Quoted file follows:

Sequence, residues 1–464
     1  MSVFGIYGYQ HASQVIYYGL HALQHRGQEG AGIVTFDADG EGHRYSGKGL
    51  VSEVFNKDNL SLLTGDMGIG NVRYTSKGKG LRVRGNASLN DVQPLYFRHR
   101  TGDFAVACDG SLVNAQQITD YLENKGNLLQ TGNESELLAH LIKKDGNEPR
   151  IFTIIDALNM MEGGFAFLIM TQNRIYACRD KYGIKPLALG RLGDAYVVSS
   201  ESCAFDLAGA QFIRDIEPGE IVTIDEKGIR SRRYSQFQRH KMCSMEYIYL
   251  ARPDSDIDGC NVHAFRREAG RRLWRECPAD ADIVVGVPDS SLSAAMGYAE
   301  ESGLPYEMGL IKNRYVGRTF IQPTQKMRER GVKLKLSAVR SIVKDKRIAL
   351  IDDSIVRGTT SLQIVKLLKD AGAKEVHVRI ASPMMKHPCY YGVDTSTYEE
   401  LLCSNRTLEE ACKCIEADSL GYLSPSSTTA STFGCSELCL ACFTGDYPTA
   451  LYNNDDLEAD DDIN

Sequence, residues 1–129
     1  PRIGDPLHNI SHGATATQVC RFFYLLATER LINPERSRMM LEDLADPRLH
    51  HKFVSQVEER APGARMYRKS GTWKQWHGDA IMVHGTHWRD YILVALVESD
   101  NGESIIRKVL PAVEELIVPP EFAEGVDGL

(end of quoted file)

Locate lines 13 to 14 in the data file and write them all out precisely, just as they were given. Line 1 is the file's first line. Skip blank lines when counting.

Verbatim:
     1  PRIGDPLHNI SHGATATQVC RFFYLLATER LINPERSRMM LEDLADPRLH
    51  HKFVSQVEER APGARMYRKS GTWKQWHGDA IMVHGTHWRD YILVALVESD